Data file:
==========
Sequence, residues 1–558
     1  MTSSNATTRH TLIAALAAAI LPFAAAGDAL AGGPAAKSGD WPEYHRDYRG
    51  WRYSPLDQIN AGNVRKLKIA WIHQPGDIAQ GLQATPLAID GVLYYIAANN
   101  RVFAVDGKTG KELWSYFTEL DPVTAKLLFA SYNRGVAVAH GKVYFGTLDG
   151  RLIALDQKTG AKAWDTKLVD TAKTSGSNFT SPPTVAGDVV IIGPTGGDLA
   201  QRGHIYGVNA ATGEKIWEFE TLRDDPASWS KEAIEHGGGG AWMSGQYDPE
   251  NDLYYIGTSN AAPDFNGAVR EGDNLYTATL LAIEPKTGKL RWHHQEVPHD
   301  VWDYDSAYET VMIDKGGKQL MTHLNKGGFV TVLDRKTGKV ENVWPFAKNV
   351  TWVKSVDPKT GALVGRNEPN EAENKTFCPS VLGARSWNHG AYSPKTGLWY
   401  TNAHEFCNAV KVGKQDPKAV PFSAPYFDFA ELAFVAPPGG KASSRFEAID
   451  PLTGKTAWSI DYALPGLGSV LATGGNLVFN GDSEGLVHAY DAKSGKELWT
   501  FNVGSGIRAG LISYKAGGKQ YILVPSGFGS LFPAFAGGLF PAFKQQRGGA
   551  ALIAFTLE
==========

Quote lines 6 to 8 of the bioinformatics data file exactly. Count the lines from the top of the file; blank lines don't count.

   201  QRGHIYGVNA ATGEKIWEFE TLRDDPASWS KEAIEHGGGG AWMSGQYDPE
   251  NDLYYIGTSN AAPDFNGAVR EGDNLYTATL LAIEPKTGKL RWHHQEVPHD
   301  VWDYDSAYET VMIDKGGKQL MTHLNKGGFV TVLDRKTGKV ENVWPFAKNV